77% of 8- to 15-year-olds said they’d rather give up TV than give up the Internet (Pangea Media and YPulse, 2009).
Most parents in the United States estimate that their children spend about two hours a month on the Internet, but in reality, kids and teens are spending upwards of 20 hours a month surfing the Web (Center for Media Research, 2009).
About 41 percent of U.S. teens claim their parents have no idea what they are looking at online (Center for Media Research, 2009).
76% of parents think the Internet helps their kids learn about other cultures and ideas (Common Sense Media and the Joan Ganz Cooney Center, 2008).
If your children spend a large amount of time at the computer, you may wonder, are they addicted or do they simply enjoy being online? Perhaps it’s easier to frame it like this: Can your child enjoy himself – and all those things that aren’t online – when he’s away from the computer? If you’re not sure, start observing his computer habits and moods.
All kids have trouble turning off the computer. Instant Messaging with friends seems so important, and games like World of Warcraft capture players’ attention and time -- a lot of it. Virtual worlds like Club Penguin or Teen Second Life can be equally engrossing.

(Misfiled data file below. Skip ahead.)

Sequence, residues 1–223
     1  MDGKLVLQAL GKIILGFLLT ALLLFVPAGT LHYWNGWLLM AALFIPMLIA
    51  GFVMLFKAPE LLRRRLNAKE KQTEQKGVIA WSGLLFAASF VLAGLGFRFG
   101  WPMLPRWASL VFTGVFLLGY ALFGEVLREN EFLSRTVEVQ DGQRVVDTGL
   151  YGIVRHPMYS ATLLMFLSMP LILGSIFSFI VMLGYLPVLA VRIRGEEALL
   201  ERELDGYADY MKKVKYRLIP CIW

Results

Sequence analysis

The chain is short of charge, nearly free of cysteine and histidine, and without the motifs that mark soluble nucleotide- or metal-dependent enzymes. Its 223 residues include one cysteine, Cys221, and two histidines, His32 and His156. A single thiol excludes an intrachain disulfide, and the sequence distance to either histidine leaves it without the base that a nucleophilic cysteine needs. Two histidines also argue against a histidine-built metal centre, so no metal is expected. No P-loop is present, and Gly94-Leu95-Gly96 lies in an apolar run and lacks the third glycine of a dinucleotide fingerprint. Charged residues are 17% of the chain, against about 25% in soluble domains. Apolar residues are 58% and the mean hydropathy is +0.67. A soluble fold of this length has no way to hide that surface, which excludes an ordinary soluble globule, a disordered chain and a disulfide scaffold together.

But some kids go beyond procrastinating – they just can’t turn off the computer. Pay attention to how your child acts when the computer is taken away. If he becomes withdrawn, moody, and uncommunicative – and the mood goes away when he’s back online – it might be time to enforce some time limits.
The “off switches” in kids’ brains aren’t fully developed until kids reach their early 20s.That means they need rules and structure to help them turn off the computer. Developing children need to be able to have real lives independent of their cyber ones to develop socially, emotionally, and even physically. While some kids may blossom in the freedom and anonymity of online lives, they also need the interpersonal skills that online life can’t provide.
Computer dependency can also mask problems kids are having in the real world. Dr. Maressa Hecht Orzack, director of the Computer Addiction Study Center at Boston’s McLean Hospital, says she sees concerned parents – and their kids, mostly boys ages 11 to 19 – who think their kids are addicted to computers. She finds that many of these kids aren’t developing the coping mechanisms they will need to live life happily and successfully.